Early life and musical training
Luciano Pavarotti was born in 1935 on the outskirts of
Northern Italy, the son of Fernando Pavarotti, a baker and amateur tenor, and Adele Venturi, a cigar factory worker.
 Although he spoke fondly of his childhood, the family had little money; its four members were crowded into a two-room apartment. According to Pavarotti, his father had a fine tenor voice but rejected the possibility of a singing career because of nervousness.
World War II forced the family out of the city in 1943. For the following year they rented a single room from a farmer in the neighbouring countryside, where the young Pavarotti developed an interest in farming.
After abandoning the dream of becoming a
, Pavarotti spent seven years in vocal training. Pavarotti's earliest musical influences were his father's recordings, most of them featuring the popular tenors of the day –
Tito Schipa, and
Enrico Caruso. Pavarotti's favourite tenor and idol was
Giuseppe Di Stefano and he was also deeply influenced by
Mario Lanza, saying: "In my teens I used to go to Mario Lanza movies and then come home and imitate him in the mirror". At around the age of nine he began singing with his father in a small local church choir.
After what appears to have been a normal childhood with a typical interest in sports—in Pavarotti's case
above all, he graduated from the Scuola Magistrale and faced the dilemma of a career choice. He was interested in pursuing a career as a professional football
, but his mother convinced him to train as a teacher. He subsequently taught in an elementary school for two years but finally allowed his interest in music to win out. Recognising the risk involved, his father gave his consent only reluctantly.
Pavarotti began the serious study of music in 1954 at the age of 19 with
Arrigo Pola, a respected teacher and professional tenor in Modena who offered to teach him without remuneration. According to conductor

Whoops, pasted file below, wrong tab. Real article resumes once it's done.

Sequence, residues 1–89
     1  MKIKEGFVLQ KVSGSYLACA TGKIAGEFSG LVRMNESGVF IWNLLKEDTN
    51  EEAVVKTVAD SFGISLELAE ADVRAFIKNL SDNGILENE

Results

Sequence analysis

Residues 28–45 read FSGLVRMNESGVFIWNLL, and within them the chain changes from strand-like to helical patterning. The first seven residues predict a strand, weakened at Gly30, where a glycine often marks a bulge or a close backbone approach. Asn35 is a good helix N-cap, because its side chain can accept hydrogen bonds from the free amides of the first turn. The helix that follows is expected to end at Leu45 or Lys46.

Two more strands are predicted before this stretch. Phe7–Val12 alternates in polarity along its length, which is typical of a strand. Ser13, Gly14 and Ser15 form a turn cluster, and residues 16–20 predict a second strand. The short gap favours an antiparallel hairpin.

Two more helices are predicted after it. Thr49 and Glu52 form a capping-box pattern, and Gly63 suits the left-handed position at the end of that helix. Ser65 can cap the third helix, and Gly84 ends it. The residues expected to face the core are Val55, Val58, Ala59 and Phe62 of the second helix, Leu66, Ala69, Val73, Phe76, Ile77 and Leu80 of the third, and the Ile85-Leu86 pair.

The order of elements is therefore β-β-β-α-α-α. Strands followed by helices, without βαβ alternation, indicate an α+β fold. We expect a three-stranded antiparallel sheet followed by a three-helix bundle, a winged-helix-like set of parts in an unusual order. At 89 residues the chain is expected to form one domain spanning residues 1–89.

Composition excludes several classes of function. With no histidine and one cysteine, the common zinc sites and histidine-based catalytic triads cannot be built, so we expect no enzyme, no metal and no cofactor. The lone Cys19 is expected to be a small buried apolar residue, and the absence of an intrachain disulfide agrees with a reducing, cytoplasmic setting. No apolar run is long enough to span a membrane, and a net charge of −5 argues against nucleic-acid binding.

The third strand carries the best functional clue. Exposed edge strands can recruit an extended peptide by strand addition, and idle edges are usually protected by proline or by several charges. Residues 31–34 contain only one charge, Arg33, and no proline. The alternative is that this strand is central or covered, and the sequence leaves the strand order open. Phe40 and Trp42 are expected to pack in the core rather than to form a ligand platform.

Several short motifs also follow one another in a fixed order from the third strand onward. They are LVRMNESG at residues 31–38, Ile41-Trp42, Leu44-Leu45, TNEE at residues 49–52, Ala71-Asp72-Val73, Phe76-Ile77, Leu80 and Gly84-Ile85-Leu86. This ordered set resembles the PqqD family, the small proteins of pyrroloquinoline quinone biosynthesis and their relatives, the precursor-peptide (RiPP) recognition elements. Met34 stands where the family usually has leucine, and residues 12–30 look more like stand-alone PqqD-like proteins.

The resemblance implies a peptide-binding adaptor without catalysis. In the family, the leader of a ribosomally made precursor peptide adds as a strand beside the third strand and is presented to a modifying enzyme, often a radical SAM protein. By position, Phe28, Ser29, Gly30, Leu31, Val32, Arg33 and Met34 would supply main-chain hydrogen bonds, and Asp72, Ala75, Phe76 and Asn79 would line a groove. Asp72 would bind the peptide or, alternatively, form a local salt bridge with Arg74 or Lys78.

Richard Bonynge, Pavarotti never learned to read music.
In 1955, he experienced his first singing success when he was a member of the Corale Rossini, a
male voice choir from Modena that also included his father, which won first prize at the
International Eisteddfod in
Llangollen, Wales. He later said that this was the most important experience of his life, and that it inspired him to become a professional singer.
 At about this time Pavarotti first met Adua Veroni. They married in 1961.
When his teacher Arrigo Pola moved to Japan, Pavarotti became a student of
Ettore Campogalliani, who at that time was also teaching Pavarotti's childhood friend,
Mirella Freni, whose mother worked with Luciano's mother in the cigar factory. Like Pavarotti, Freni went on to become a successful opera singer; they would go on to collaborate in various stage performances and recordings together.
During his years of musical study, Pavarotti held part-time jobs in order to sustain himself – first as an elementary school teacher and then as an insurance salesman. The first six years of study resulted in only a few recitals, all in small towns and without pay. When a
nodule developed on his
vocal cords, causing a "disastrous" concert in
Ferrara, he decided to give up singing. Pavarotti attributed his immediate improvement to the psychological release connected with this decision. Whatever the reason, the nodule not only disappeared but, as he related in his autobiography: "Everything I had learned came together with my natural voice to make the sound I had been struggling so hard to achieve".